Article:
Most journalists are addicted to social media. From the moment they turn their alarm off in the morning until the last glimpse at their accounts before bed, an important part of our work - and life - takes place on Twitter, Instagram and Facebook.
That is hardly news. What is less discussed though is how the social media habit affects our mental health.
"It's just a bunch of depressing stuff," says Philip Eil, freelance journalist from Rhode Island, adding that social networks are designed to be addictive and magnify the need to seek affirmation from others, which, makes them damaging for mental health by default.
"I have fallen into being angry or being bitter or even being nasty with people on Twitter in ways that I now regret, that I probably wouldn’t have done in person."
Eil has dealt with mental health issues such as anxiety and depression for most of his life and now writes about his experiences to raise awareness.
Social media have long been hotbeds of misinformation and targeted harassment of journalists, both of which can lead to fatigue and even burnout.
Amongst key challenges are work performance stress, maintaining work-life balance, pressure to have a non-biased social media presence, avoiding comments from trolls, legal worries, pressure to get the scoop and ethical considerations.
All this can lead to mental health problems, according to psychologist Jelena Kecmanovic who researched the impact on social media on mental health.
"All of us face competition and pressure to excel at work. Journalists, however, are receiving almost constant live feedback about how they are doing based on the number of clicks their posts are getting and number of followers they have.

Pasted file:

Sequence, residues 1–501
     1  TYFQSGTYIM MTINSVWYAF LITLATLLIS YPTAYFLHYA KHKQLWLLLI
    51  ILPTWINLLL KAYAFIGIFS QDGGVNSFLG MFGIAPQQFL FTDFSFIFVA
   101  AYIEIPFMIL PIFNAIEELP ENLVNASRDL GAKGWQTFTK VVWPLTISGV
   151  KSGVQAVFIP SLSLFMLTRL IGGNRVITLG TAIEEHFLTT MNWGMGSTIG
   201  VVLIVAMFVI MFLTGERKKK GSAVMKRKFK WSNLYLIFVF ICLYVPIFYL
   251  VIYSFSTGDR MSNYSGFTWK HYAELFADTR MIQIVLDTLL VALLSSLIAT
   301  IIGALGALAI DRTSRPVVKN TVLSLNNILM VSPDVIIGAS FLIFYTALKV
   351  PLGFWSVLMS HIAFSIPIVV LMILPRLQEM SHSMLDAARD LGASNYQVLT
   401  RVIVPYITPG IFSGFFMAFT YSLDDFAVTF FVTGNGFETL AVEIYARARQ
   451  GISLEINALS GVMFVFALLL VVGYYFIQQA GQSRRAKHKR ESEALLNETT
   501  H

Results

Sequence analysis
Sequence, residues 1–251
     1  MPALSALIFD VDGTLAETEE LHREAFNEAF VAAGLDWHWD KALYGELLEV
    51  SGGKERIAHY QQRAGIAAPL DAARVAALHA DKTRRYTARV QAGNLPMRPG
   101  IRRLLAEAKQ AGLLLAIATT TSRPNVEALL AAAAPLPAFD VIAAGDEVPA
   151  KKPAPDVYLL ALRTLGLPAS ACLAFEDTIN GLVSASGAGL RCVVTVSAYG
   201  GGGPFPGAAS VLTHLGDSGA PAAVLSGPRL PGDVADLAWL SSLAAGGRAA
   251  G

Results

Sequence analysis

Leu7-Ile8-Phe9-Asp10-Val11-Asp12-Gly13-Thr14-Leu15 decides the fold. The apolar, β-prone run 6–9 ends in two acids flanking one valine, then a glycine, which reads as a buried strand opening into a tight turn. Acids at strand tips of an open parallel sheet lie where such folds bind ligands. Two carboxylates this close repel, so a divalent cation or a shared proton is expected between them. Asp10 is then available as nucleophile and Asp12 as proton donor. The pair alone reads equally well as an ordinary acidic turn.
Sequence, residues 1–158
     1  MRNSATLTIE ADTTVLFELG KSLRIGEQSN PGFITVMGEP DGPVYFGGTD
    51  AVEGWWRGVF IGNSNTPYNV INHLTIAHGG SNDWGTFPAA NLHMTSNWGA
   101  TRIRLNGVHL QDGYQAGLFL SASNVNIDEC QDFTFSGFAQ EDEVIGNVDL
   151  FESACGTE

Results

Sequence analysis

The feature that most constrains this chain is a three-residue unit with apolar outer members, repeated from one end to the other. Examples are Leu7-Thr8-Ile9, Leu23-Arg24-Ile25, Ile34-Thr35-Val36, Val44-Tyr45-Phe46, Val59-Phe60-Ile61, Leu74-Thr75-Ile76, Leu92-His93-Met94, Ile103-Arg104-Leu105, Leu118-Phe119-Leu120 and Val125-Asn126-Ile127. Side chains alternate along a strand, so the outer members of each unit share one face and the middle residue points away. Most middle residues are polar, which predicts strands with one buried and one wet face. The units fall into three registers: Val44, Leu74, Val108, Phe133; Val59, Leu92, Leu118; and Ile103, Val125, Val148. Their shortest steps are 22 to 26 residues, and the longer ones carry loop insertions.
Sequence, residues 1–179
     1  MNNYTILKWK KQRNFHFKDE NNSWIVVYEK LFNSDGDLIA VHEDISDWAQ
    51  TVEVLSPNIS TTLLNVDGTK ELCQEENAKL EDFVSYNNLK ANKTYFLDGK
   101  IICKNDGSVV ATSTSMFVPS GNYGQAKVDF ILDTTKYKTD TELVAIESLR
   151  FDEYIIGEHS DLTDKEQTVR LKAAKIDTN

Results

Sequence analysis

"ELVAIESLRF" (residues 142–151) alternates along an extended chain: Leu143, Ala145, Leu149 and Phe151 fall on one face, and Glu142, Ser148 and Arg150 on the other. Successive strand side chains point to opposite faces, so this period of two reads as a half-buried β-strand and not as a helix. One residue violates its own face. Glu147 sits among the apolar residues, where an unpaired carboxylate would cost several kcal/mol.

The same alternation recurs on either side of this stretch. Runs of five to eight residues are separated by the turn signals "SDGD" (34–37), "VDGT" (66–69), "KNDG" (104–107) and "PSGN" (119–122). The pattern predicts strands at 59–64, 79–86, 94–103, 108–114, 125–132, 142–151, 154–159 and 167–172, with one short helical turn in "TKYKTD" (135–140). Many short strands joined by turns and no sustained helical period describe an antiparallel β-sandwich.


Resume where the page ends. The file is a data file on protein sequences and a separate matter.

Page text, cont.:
"Their social comparisons are directly related to their jobs, career success, or livelihoods. All the psychological negative effects of social media like envy, depression, anxiety, or low self-esteem are thus likely to be higher for journalists."
Journalist and editor John Crowley said a good place to start a healthier relationship with social platforms is improving awareness and acknowledging that binge-scrolling is harmful to journalists.
"Journalists themselves are attacked on social media for doing their jobs. They are also being asked to do more work because of resource issues. Monitoring social media is another plate to spin as journalists are asked to retrain, pivot and do more work for less money."
These viewed are echoed by the editor of Gazeta Wyborcza, Zuzanna Ziomecka, who advocates for more efficient ways to tackle trolls and haters’ comments on social media.
"We need programmes that will teach journalists and editors how to differentiate negative comments that require a response from those that can be deleted.
"We need help assessing which threats to report and whom to report them to. And finally, we need help in building a resilient mindset to cope with the emotional fallout from reading nasty opinions about ourselves."
This requires taking the issue head on by leadership modelling healthy behaviour, and clear communication of expectations. When journalists see that doing their best at work is different from being in work mode all the time, it is easier for them to self-regulate healthy social media use, said Ziomecka.
Another tip comes from Eil, who said journalists need to practice boundaries like, for example, deleting Twitter or Facebook from your phone and only use them on desktop.
He also suggested cultivating a non-social media life and enjoying offline activities to build resilience and a support network that journalists can rely on when their feeds turn nasty.
Kyle Bessey is a MA Journalism graduate from UCLan, often covering LGBTQ+ and mental health issues.
We are diving deeper into building a sustainable newsroom at our Newsrewired conference on 27 November at Reuters, in London. Head to newsrewired.com for the full agenda and tickets.
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